Northumberland is a wonderful, wild, unspoilt county in the north of England, once the frontier between rampaging Celts and civilised Romans. The region is noted for its landscape of high moorland and forests, and is mostly protected as a National Park. Northumberland is also the most sparsely populated county in England, with only 62 people per square kilometre. However it is not without splendour or refinement. The great Capability Brown, who himself worked on the landscape at Wallington, was inspired by these bucolic Northumbrian scenes, going on revolutionize the country’s attitude to garden design and creating what’s known globally as the English Landscape Style.
Wallington Hall lies only a stone’s throw from the village where Lancelot ‘Capability’ Brown was born and is every inch a stately home. Although in the hands of the National Trust since 1941, it was home to the Trevelyan family for centuries. The last remaining Trevelyan to live there, Patricia Jennings, died this June marking the end of an era.
The gardens immediately surrounding the house, and the woodland walks in which Capability Brown had a hand, are beautiful but unremarkable. Visitors need to venture a little further to discover the treasure of Wallington, the distant and secluded walled garden, created during the Edwardian period.
The long, sloping enclosure is entered through Neptune’s Gate, presided over by a fine figure of the Roman god himself. Quite why this entrance is dedicated to Neptune I am not sure, for Northumberland is not found wanting when it comes to water. Perhaps it’s because a small stream originates close the the gate, spouting into the Mary Pool and exiting the walled garden through a small pond, surrounded by hostas, ferns, ligularias and handsome Inula magnifica.
Presiding over the whole scene, and enclosed on one side by high walls and woodland, is the gorgeous Edwardian conservatory. I covet buildings like this, simply because they don’t make them like it any more. I also know that I’d be sublimely happy if I was ever to work in anything of this size and quality. Just think of all the things one could grow ….. and how much it would cost to heat!
A brief but thundery shower drove us into its warm, humid confines.
The elegant iron supports were draped with lovely shrubs and climbers, including lilac-white Heliotropium arborescens, blood red Abutilon ‘Nabob’, Bougainvillea ‘Alexandra’ and Mandevilla suaveolens. I’ve waxed lyrical about Fuchsia ‘Rose of Castile in a previous post, but what a lovely setting this is to display tender plants in their full glory.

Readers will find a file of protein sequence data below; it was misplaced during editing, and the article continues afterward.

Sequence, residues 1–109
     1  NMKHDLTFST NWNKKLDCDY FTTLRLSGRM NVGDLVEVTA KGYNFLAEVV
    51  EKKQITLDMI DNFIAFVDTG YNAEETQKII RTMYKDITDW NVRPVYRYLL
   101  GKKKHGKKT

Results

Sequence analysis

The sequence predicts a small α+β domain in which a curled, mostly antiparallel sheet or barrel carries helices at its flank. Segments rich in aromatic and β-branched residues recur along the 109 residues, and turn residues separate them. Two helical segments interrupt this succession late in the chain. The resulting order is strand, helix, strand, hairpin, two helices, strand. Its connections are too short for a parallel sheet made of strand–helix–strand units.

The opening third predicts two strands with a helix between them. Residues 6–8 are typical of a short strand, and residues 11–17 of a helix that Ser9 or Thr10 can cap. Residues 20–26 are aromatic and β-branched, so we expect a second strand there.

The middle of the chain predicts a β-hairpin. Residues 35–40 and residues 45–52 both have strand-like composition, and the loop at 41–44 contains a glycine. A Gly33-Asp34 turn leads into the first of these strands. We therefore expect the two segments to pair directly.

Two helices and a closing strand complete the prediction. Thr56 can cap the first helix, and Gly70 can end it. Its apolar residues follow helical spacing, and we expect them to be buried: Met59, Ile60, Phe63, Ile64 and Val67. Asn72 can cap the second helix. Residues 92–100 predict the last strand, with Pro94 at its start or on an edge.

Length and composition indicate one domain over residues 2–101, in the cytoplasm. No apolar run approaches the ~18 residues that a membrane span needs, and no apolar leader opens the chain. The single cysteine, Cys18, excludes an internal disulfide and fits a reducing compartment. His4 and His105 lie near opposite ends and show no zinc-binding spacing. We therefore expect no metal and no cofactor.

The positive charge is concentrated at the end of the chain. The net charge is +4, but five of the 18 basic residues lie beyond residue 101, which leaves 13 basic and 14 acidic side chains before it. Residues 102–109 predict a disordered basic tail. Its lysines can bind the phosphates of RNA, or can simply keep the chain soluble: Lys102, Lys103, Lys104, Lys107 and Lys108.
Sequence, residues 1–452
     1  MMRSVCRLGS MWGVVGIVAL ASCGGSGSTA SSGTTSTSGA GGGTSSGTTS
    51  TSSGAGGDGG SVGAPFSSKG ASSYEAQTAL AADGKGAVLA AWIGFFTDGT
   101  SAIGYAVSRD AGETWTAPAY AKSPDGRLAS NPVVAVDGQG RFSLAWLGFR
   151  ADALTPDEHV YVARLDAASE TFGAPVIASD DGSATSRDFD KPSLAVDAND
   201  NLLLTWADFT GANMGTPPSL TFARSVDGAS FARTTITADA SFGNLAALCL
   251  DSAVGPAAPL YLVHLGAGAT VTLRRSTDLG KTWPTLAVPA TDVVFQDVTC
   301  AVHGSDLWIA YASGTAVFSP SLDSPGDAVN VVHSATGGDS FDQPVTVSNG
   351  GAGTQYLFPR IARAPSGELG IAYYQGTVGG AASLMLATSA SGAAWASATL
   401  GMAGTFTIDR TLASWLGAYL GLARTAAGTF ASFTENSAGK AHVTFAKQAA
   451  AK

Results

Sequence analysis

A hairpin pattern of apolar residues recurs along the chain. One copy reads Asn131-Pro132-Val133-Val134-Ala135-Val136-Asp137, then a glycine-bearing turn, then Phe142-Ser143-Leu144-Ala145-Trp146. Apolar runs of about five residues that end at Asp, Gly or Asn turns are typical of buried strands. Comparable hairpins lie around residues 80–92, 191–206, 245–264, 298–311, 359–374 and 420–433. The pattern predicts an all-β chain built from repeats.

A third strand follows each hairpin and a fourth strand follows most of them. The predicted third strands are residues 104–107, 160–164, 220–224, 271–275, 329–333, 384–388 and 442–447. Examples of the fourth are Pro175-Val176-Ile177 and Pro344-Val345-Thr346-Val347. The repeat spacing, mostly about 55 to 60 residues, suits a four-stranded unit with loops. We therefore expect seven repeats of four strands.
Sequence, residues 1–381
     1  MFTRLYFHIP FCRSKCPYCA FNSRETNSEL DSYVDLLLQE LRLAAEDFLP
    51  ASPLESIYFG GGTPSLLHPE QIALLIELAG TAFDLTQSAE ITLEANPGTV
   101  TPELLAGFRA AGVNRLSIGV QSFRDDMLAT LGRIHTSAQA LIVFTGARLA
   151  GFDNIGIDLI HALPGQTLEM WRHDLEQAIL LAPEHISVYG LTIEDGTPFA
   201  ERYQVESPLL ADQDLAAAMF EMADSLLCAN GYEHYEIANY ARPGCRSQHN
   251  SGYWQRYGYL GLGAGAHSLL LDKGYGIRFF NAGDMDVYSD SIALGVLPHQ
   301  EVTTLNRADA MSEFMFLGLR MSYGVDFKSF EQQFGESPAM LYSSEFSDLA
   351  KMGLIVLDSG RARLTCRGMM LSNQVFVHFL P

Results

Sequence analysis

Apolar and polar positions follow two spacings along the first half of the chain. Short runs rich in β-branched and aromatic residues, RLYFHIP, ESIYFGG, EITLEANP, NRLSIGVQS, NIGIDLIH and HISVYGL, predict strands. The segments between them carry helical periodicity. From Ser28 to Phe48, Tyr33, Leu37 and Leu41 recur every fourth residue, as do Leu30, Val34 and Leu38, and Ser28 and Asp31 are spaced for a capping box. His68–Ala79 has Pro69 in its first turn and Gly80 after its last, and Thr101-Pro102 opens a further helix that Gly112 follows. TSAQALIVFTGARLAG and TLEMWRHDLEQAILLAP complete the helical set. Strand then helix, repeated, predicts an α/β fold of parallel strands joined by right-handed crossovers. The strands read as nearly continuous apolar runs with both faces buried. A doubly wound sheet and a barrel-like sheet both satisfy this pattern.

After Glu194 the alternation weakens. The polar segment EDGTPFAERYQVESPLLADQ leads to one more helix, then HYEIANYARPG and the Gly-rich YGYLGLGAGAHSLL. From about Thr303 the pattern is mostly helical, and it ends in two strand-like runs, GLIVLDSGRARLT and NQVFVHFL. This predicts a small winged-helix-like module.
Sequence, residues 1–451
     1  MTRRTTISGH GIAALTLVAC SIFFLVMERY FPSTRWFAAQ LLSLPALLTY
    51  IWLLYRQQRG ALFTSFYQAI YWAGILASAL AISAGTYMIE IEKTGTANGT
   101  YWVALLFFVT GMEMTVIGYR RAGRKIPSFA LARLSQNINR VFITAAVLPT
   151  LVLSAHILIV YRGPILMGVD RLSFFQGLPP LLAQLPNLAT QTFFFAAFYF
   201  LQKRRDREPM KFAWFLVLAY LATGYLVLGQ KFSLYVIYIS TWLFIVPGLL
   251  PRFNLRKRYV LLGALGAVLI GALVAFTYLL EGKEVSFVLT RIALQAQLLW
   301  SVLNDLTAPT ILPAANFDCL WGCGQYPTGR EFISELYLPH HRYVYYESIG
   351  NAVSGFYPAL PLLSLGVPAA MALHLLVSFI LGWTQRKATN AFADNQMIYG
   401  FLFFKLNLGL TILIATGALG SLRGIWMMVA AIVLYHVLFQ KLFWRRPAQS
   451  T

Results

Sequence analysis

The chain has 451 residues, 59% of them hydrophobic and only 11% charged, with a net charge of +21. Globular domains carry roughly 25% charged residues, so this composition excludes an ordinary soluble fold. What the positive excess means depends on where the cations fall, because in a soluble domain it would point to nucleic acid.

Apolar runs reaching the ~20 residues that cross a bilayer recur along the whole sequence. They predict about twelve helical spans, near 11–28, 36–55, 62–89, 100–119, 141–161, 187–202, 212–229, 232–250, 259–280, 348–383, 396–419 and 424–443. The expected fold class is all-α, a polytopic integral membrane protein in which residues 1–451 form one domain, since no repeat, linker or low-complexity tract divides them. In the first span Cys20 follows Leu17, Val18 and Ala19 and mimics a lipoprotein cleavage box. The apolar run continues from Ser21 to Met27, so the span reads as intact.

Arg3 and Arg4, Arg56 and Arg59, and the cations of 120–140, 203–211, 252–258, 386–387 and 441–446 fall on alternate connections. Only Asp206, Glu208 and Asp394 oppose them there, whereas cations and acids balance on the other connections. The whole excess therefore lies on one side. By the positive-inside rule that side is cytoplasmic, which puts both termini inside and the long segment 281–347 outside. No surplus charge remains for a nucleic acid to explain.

Occupying a huge, ornate terracotta urn was another Fuchsia, ‘Orange Drops’. From what could only be described as a ‘trunk’, sprouted vigorous shoots laden with flowers the colour of tiger prawns and almost as delicious. Needing protection from frost, this variety makes a lovely weeping standard.
Just as in Edwardian times, the conservatory’s benches were rammed with hundreds of flowering and foliage plants, including coleus, pelargoniums, streptocarpus, plumbago, begonias, salpiglossis and amaryllis, creating a mouthwatering display.
Near the entrance was a marble tablet inscribed with a quote found on the Pincian Hill in Rome:
‘When wearied and over-wrought by study or affairs of business, repair to these haunts and refresh your mind by a stroll amidst the flowers.’
The storm passed over and we decided to brave the last few spots of rain. The long terrace, from which grand ladies must once have surveyed the pleasure grounds below, was punctuated by statues of various characters including the goddess Flora and the Italian clown Scaramouche. Growing artfully beneath were ferns. The one pictured below was, I believe, Polystichum setiferum ‘Herrenhausen’.
Entering the walled garden proper, visitors are confronted with a masterful piece of garden and planting design, a sloping double border lined with blue and yellow flowers. It’s a unusual combination, which works better for a mix of the softer blues and lilacs of clematis and nepeta with the strident royal blue of delphiniums. At the end of the brick path is a sheltered yew roundel centered on an urn full of yellow and blue annuals.
And so begins a walk through an exquisite garden, full of pretty scenes and little surprises. At its peak during July was the flower garden in a sort of prairie style, brimming with asters, daisies, lupins, coreopsis and eryngiums. This must surely be many people’s idea of the perfect summer garden. From Him Indoors I got the familiar question ‘Why can’t our garden looks like this?’. I gave up answering this question long ago, but the main reason in this case is lack of sun rather than lack of will.
Wending our way back up to Neptune’s gate, a streamside planting featured this delicate pink Dierama, showering its flowers over the ground like sparks from a welder’s torch. It was clearly in its element in this damp but open spot.
Not quite as diminutive but equally essential in a moist, informal planting is Geranium psilostemon. I think this may have been ‘Gold Leaf’, slightly faded out this far into summer, but the vivid magenta flowers still borne in abundance.
We left the gardens as we had arrived, admiring Neptune’s rear one last time and passing into the woodland. Two ornamental ponds provide a haven for wildlife and must once have been surrounded by rhododendrons and azaleas, as was the fashion at the time of their creation. A number of huge Wellingtonias, Sequoiadendron giganteum, were dotted among the native species.
Wallington should be on any garden lover’s list when visiting Northumberland. It has excellent facilities and a good selection of plants for sale. As usual I departed with a selection wedged between my feet, on the passenger side of course, hoping to create a little bit of Edwardian magic back on my own patch.
Below, Wallington Hall from the ha ha.